The New OrlEans Jazz & Heritage Festival
In the early days, the festival wasn’t the world-famous event that it is today – one that attracts hundreds of thousands of visitors to New Orleans and pumps $350 million a year into the local economy. It is often said that at the first Jazz Fest there were more performers onstage than people in the audience. But the founders believed that Jazz Fest would one day grow into a major success. Everyone involved wanted to make sure that the festival’s proceeds would be redistributed into the local community.
In 1970, George Wein, jazz impresario behind the Newport Jazz Festival and the Newport Folk Festival was hired to design and produce a unique festival for New Orleans. The New Orleans Jazz & Heritage Foundation, a nonprofit organization, was established to oversee the new festival.
From the very beginning, the New Orleans Jazz & Heritage Festival was envisioned as an important event that would have great cultural significance and popular appeal. The Festival was the culmination of years of discussions and efforts by city leaders who wanted to create an event worthy of the city’s legacy as the birthplace of jazz.
Wein’s concept of the Louisiana Heritage Fair—a large daytime fair with multiple stages featuring a wide variety of indigenous music styles, food booths of Louisiana cuisine, and arts and crafts booths, along with an evening concert series—formed a construct that would prove vastly appealing and enduring.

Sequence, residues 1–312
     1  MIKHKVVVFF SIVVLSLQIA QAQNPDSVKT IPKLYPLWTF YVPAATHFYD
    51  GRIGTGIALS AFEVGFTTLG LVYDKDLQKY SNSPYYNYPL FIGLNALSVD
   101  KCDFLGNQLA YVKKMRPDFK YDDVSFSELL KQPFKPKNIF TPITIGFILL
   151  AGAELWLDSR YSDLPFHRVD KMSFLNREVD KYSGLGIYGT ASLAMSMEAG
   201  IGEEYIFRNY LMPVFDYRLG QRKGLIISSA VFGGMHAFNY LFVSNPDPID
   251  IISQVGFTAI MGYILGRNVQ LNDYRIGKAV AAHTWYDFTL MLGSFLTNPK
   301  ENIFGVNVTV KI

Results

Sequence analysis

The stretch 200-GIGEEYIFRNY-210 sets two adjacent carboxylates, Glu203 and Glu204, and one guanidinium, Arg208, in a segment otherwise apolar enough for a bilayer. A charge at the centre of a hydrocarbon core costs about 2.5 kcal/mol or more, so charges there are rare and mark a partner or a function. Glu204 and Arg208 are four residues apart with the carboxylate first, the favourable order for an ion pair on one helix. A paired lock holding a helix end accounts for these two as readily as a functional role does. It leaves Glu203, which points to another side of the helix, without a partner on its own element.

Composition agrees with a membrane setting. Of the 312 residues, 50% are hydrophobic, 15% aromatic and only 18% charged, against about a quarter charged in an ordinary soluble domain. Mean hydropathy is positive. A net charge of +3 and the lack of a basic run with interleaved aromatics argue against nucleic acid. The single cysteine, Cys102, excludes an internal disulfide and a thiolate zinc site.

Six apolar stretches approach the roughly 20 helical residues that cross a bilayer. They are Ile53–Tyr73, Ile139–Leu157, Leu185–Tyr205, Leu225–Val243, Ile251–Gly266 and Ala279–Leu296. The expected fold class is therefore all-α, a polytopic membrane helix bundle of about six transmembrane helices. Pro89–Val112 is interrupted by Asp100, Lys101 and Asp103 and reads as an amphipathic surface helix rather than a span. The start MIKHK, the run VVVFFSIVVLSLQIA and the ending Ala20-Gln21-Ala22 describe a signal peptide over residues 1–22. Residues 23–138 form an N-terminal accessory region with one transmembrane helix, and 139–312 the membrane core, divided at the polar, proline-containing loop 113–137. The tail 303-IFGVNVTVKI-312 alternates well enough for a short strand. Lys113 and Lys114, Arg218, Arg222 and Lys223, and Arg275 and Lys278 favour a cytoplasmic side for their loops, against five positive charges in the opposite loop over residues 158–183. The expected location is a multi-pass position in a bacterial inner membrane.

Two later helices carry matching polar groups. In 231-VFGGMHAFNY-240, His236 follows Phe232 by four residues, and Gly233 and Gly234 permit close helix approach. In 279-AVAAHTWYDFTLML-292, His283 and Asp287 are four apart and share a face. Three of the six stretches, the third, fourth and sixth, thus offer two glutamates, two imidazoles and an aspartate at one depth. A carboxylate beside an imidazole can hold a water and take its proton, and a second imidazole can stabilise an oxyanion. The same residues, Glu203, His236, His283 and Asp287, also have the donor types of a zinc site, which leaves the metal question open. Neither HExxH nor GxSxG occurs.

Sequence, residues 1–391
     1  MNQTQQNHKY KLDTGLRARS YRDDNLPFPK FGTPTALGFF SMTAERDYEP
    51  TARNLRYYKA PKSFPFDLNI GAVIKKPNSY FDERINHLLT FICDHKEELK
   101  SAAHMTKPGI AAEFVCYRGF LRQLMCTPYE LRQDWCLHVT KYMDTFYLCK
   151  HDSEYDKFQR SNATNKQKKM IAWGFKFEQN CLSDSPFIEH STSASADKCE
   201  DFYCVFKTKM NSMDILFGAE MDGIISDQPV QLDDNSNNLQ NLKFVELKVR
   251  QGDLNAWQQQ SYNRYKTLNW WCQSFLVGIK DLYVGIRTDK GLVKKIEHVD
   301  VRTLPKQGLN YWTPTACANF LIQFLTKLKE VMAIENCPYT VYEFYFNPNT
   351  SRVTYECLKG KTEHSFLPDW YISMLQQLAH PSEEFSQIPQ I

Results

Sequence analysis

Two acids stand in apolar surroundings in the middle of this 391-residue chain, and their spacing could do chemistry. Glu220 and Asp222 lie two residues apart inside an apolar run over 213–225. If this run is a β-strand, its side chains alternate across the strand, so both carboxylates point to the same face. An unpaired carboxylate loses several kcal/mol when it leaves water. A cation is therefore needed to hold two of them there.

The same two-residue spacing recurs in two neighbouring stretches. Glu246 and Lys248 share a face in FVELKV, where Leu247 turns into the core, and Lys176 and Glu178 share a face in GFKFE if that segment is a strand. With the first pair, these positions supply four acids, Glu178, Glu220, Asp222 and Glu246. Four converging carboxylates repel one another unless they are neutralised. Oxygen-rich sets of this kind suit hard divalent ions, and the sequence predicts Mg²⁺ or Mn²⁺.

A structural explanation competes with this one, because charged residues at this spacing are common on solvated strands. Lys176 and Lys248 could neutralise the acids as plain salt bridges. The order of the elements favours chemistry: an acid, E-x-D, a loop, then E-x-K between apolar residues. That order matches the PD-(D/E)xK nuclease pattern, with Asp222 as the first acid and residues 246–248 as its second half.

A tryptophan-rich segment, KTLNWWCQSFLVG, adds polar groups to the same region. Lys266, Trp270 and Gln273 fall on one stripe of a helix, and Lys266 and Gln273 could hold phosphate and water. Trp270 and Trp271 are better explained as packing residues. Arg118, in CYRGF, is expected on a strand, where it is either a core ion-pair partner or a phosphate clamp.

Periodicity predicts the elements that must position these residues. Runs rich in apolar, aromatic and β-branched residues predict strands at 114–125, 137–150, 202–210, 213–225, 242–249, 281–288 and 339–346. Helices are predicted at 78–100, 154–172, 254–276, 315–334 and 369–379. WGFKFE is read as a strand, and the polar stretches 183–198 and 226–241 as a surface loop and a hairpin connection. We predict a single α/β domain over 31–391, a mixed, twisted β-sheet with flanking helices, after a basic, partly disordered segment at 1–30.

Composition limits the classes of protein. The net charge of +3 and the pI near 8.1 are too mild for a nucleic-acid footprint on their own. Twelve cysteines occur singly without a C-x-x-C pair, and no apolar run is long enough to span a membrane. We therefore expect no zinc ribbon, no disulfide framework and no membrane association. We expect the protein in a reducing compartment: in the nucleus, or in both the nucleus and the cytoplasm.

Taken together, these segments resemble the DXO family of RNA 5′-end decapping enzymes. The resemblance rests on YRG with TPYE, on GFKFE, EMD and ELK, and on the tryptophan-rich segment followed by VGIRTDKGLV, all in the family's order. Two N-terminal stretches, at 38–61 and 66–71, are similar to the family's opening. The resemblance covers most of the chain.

In its inaugural year, only about 350 people attended the Festival, about half the number of musicians and other participants in the event. But the Festival, which became known as “Jazz Fest” almost immediately, was a great artistic success. When Jazz Fest was held the next year, it was clear that the event had already outgrown Congo Square.
With 12 stages of soul-stirring music—jazz, gospel, Cajun, zydeco, blues, R&B, rock, funk, African, Latin, Caribbean, folk, and much more—the New Orleans Jazz & Heritage Festival is firmly established as a singular celebration of both historic and contemporary significance.